In A Personal Essay published in the Duke Law Scholarship Repository in 2020, Quiñones reflected on the obstacles she has overcome in her career. While she was being considered for a position at the VA, she was offered a GS-9 Federal Employee Base Salary, versus the GS-12 salary she would soon earn at the SSA. She believes that she was offered a salary three levels lower than what she was set to earn at the SSA simply because she would be the first and only female attorney in the VA office. She initially considered declining the position, despite being excited about the opportunity. However, she eventually negotiated with the VA until they offered her the GS-12 level.
When she ran for election to the Court of Common Pleas, her advisors suggested abbreviating her name as "Nitza I. Alejandro", removing "Quiñones". The reasoning behind the suggestion was that Alejandro sounded like a white, Italian name, and that people would be more likely to vote for her if she sounded less Hispanic. Proud of her Hispanic heritage, Quiñones rejected that advice and ran successfully using her full name. However, as the first Latina judge in Pennsylvania, she felt tremendous pressure to represent all Hispanics in the field of law. She felt that any mistake she made would ultimately be held against other Hispanics seeking judgeships in the future. Her nerves associated with that pressure alleviated over time, but she still feels the weight of her role today.
Although Quiñones was open about her sexual orientation with her friends and close colleagues, she did not explicitly disclose it until after Barack Obama was elected as the first minority president. She stated that his election indicated that positive social changes were occurring in the United States, which made her more comfortable disclosing her sexual orientation to the nomination committee when she applied for consideration of a federal judgeship in 2012. She did not, however, expect that to be included in national headlines. Following her nomination by President Obama and the subsequent news coverage, she grappled with the reactions of those in her family who did not know she was gay, as well as her own apprehension upon meeting her new, more senior colleagues on the federal bench. Fortunately, that apprehension disappeared when she and her partner were warmly welcomed at a District Judicial Retreat.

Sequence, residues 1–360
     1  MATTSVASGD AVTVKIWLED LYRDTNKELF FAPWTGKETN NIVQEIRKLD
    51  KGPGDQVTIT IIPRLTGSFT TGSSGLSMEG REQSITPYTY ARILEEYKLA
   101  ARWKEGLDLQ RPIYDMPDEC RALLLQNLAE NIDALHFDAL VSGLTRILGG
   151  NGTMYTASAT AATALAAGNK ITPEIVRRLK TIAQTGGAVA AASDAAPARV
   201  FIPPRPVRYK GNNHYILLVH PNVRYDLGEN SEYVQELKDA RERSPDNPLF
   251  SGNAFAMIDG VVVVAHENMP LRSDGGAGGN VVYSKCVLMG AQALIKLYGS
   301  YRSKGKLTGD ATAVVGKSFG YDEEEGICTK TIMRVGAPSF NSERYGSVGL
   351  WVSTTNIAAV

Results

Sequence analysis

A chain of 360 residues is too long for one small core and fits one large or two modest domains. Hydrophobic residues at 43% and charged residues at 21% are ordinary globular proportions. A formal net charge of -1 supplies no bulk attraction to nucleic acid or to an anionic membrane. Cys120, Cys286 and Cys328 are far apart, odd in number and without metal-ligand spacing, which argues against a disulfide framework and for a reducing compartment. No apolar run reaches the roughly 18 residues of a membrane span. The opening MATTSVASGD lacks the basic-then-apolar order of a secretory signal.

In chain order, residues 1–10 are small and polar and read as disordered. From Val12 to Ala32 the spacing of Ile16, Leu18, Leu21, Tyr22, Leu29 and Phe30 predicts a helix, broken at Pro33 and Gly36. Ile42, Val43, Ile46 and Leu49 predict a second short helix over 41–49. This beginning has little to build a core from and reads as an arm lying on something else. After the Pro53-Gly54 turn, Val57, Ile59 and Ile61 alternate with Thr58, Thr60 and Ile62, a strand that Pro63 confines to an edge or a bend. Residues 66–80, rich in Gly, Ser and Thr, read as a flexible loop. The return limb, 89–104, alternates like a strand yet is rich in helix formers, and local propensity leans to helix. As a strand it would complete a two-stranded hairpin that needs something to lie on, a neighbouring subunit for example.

While reflecting on the challenges she has overcome, Quiñones wrote "I feel fortunate to have seen such an evolution of acceptance and equality in the legal profession. The world we work in today feels so different from the world in which I spent the first formative years of my career...I delight in the victories, big and small, that have opened the door to this profession a little wider for women, Latinos, ethnic and racial minorities, and people of different sexual orientations. Nevertheless, the other side of the door remains fairly homogenous." While describing her experiences at new judges' investitures, Quiñones shared that "At these events I look around at our group and I become acutely aware that there are so few women and so few people of color among us...I am optimistic that my bench, and the judiciaries, law offices, and state bars across the country will continue to diversify...I hope that my optimism is contagious."